9. Phaedra says

    I love the library posts. They’re fun & inspiring. You’re happy & it comes through. Keep on keepin’ on!

    My daughter informed me at the end of summer that what she really wants to be when she grows up is a school librarian/media specialist . Can you see me jumping for joy that it’s a career on her radar?! Even if that never pans out, I love that she’s inspired by her current school librarian. Just think how you are going to influence these kids in positive ways! I think you SHOULD be talking about it all the time- VERY EXCITING!

    I have to add that I first read Lord of the Flies at age 12 or 13 and it grabbed me & threw me around and I’ve loved it ever since. For all those kids loving the Hunger Games… yeah, this book could grab them, too.

    • says

      Same with me in re Lord of the Flies. I just remember being shocked that these boys basically went nuts and lost their humanity. I couldn’t stop thinking about it. To this day, I still think about that book.

      That would be so cool if your daughter was a librarian/media specialist. (I still like the word librarian better! Old school!) There are these unfamiliar jobs kids don’t really know about because they aren’t on TV or aren’t heavily publicized. You have to admit, librarians from our time weren’t exactly limelight seekers.

      • Phaedra says

        Lord of the Flies: EXACTLY! It might have been one the first books where I realized there were bigger things afoot than just the straight forward storytelling that I’d been used to at that point. Humanity at its most primal does not a pretty picture make, but dang it makes good reading!

        Librarians: She said ‘mom, I want to be a LIBRARIAN’ (not Media Specialist) which thrilled me to no end. I know it will be ‘Media Specialist’ (if it’s still around) by the time she’s looking into it, but I will enjoy the moment. I think it can be fairly said that if my kiddo does pursue it as a career, she might break the mold & be of the most naturally extroverted Librarians I’ve ever seen πŸ˜‰
        speaking of librarians, did you ever see that YouTube video with the librarians to a rendition of Beastie Boys ‘Sabotage’? totally rad.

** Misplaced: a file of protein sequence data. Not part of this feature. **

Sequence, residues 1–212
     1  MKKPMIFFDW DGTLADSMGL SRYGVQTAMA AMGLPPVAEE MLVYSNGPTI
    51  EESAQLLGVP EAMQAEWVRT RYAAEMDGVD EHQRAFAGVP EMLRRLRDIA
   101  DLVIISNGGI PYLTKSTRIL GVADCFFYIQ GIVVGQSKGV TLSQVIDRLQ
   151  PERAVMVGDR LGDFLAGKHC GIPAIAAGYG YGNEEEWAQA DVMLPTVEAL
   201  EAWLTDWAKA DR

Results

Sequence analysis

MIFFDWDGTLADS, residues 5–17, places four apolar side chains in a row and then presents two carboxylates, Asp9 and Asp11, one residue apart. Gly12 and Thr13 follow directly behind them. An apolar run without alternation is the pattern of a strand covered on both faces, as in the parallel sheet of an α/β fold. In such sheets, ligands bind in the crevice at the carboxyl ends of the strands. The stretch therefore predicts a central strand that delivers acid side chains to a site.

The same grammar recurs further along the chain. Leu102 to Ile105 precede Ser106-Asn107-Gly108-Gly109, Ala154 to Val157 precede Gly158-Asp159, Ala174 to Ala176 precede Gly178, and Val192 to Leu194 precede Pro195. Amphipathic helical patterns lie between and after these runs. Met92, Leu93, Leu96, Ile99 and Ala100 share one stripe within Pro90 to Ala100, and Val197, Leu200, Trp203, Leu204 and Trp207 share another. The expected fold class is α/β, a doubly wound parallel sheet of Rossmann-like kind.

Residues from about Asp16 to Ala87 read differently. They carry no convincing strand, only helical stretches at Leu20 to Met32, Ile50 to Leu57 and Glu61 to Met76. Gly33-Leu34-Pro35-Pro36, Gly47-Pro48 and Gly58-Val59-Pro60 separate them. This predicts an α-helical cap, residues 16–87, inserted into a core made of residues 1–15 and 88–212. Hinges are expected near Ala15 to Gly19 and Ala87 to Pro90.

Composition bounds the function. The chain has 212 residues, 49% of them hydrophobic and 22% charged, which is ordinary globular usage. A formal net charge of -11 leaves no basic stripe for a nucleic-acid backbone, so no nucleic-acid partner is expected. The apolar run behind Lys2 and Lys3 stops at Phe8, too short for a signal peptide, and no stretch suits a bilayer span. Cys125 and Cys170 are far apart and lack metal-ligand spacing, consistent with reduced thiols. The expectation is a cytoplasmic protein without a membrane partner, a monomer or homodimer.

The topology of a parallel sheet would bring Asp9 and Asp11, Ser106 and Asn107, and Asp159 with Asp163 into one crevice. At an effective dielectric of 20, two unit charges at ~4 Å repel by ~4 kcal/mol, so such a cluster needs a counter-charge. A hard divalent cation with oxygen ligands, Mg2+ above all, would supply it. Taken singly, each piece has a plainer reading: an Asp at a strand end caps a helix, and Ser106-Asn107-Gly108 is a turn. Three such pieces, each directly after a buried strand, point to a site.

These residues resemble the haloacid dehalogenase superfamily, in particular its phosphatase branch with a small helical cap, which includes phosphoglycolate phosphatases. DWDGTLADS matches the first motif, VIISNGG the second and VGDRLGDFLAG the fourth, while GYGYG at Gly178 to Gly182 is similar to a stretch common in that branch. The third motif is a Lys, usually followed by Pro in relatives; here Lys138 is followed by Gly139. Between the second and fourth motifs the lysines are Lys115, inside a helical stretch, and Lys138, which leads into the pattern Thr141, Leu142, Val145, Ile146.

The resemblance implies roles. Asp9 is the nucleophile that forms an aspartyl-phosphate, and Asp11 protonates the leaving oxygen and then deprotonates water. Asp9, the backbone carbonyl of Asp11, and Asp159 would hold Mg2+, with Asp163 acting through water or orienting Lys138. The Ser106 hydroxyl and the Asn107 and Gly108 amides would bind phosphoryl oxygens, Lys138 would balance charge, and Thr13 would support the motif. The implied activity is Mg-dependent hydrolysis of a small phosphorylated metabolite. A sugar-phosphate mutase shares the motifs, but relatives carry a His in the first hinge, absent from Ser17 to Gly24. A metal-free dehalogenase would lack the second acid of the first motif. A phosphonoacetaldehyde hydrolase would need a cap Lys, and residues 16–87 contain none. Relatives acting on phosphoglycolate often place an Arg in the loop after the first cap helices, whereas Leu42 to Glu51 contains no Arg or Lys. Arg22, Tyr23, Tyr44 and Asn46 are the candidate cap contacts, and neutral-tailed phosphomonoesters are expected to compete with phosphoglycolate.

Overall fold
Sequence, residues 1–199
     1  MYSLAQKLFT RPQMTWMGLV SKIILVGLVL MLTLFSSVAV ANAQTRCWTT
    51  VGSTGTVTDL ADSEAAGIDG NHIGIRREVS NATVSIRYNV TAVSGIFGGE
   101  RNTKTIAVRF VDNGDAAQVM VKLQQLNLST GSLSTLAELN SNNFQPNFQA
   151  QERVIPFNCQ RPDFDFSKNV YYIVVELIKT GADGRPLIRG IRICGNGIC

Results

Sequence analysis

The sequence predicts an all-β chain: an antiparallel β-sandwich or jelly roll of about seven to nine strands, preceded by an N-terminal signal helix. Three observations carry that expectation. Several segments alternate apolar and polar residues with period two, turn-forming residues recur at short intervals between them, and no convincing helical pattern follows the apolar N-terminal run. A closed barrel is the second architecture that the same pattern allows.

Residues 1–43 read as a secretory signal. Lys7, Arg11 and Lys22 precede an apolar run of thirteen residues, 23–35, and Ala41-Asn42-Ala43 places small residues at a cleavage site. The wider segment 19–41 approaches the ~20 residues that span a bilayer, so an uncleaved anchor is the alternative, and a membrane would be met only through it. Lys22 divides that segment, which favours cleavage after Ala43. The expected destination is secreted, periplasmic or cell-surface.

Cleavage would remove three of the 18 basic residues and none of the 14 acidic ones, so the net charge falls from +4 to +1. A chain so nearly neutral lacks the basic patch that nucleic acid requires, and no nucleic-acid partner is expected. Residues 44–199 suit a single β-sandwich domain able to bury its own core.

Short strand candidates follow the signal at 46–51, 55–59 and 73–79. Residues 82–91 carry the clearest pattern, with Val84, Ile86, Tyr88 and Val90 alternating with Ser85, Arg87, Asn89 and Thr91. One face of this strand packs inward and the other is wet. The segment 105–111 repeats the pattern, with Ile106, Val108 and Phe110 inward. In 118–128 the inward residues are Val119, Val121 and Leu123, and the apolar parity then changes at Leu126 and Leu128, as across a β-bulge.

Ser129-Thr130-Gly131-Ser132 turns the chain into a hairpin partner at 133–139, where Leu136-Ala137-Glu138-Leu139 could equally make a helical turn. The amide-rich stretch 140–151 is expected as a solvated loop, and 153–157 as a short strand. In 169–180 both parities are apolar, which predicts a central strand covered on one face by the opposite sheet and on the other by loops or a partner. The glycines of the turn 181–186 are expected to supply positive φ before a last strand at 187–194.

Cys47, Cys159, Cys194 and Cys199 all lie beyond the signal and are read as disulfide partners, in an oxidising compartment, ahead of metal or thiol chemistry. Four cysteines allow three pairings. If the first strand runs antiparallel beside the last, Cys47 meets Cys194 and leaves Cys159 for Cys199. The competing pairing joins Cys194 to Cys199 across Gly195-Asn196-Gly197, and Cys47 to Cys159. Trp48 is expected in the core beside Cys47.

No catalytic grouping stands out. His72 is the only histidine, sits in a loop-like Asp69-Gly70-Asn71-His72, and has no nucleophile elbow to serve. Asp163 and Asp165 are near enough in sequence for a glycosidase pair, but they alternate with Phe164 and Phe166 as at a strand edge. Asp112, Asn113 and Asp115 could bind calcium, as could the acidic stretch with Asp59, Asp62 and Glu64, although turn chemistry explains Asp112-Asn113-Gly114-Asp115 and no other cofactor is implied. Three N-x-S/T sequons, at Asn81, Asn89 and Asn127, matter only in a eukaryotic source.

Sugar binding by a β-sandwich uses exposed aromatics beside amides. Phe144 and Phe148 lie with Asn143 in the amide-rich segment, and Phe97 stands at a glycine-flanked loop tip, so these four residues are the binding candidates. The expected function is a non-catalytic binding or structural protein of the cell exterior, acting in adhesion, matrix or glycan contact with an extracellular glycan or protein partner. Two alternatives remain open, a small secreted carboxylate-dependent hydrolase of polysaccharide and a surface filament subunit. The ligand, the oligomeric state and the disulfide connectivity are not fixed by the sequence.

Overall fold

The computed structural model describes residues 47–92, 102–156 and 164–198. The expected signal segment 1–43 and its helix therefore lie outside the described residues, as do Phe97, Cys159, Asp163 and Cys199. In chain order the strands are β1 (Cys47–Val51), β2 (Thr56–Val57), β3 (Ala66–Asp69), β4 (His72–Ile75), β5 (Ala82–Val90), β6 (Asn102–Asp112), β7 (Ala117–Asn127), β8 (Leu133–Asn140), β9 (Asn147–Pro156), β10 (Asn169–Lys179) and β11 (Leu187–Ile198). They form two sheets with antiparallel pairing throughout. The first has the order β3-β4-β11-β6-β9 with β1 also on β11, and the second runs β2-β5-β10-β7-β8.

10. says

    I love your posts! I just volunteered to be a library aide at my son’s school (he just started kindergarten at our local Catholic school) and these posts get me all pumped up. I keep waiting for my volunteer information to get to me!

    • says

      Oh, how great! You’ll have to share with me how they do things. Since you have volunteer papers, you’re already ahead of our school by leaps and bounds!

  11. says

    I’m so happy for you (and yes, a little jealous, too). And your enthusiam is contagious even here online, so I can just imagine what the kids are picking up.

    Note: my “reluctant” (but very competent) 3rd grade son is loving Beverly Cleary, esp. the Henry & Ribsy books. The fact that he’s shunning “Captain Underpants” for books written over 50 years ago warms my cockles.

    And, yes! The Giver! My 6th grader read it last year and loooved it and talked about it a lot. I think she’s re-read it 2 or 3 times now. Short, but thought-provoking.

  12. says

    We’ve talked about this already – but I love your library posts. Your enthusiasm and JOY just show through so clearly. It also keeps me inspired as I study long hours for my GRE (ugh, math reviews) so you keep these posts coming.

    Bottom line, whether you are writing about walking, William Morris-ing, or volunteering in the library you are still sharing YOUR stories in YOUR way, which is why many of us are here.

  13. says

    I love middle schoolers. Some of my happiest teaching years were in middle school. Middle school is so often where kids make the choice about which path they’re going to travel in high school. By 9th grade, it’s all over. You have so much power to do good for kids that age. They are lucky to have you.

  14. LauraC says

    Ohhh, I shouldn’t say I told you so, but this was my favorite line, “I especially love the junior high kids.” πŸ˜‰ This post made me very happy to read!

  15. says

    I’ll be emailing you soon.
    You’re going to like what I have to say.
    And it will require us gathering together and talking because I’ll need to pick your brain and gather wisdom.

  16. says

    It’s lovely to read about your enthusiasm. I remember that even geometry became interesting to me because my teacher obviously loved it so! I read books about on the same level that I eat and breathe. They are just so magical. At the risk of sounding old and grumpy, I can’t imagine a librarian being able to excite me with offerings on Kindle…long live paper!

Leave a Reply

Your email address will not be published. Required fields are marked *

You may use these HTML tags and attributes: <a href="" title=""> <abbr title=""> <acronym title=""> <b> <blockquote cite=""> <cite> <code> <del datetime=""> <em> <i> <q cite=""> <s> <strike> <strong>